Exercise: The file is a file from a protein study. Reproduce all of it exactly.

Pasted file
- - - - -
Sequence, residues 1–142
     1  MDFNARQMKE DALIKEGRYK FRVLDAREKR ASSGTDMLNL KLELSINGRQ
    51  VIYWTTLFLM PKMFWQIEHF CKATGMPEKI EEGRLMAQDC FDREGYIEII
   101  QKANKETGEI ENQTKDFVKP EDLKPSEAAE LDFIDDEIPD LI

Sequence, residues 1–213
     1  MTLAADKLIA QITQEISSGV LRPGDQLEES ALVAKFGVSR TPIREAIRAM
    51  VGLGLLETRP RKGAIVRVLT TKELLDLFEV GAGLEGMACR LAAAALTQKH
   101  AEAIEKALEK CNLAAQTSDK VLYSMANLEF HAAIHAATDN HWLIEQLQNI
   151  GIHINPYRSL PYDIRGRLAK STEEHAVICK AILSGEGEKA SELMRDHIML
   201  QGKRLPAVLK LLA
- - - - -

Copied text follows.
Sequence, residues 1–142
     1  MDFNARQMKE DALIKEGRYK FRVLDAREKR ASSGTDMLNL KLELSINGRQ
    51  VIYWTTLFLM PKMFWQIEHF CKATGMPEKI EEGRLMAQDC FDREGYIEII
   101  QKANKETGEI ENQTKDFVKP EDLKPSEAAE LDFIDDEIPD LI

Sequence, residues 1–213
     1  MTLAADKLIA QITQEISSGV LRPGDQLEES ALVAKFGVSR TPIREAIRAM
    51  VGLGLLETRP RKGAIVRVLT TKELLDLFEV GAGLEGMACR LAAAALTQKH
   101  AEAIEKALEK CNLAAQTSDK VLYSMANLEF HAAIHAATDN HWLIEQLQNI
   151  GIHINPYRSL PYDIRGRLAK STEEHAVICK AILSGEGEKA SELMRDHIML
   201  QGKRLPAVLK LLA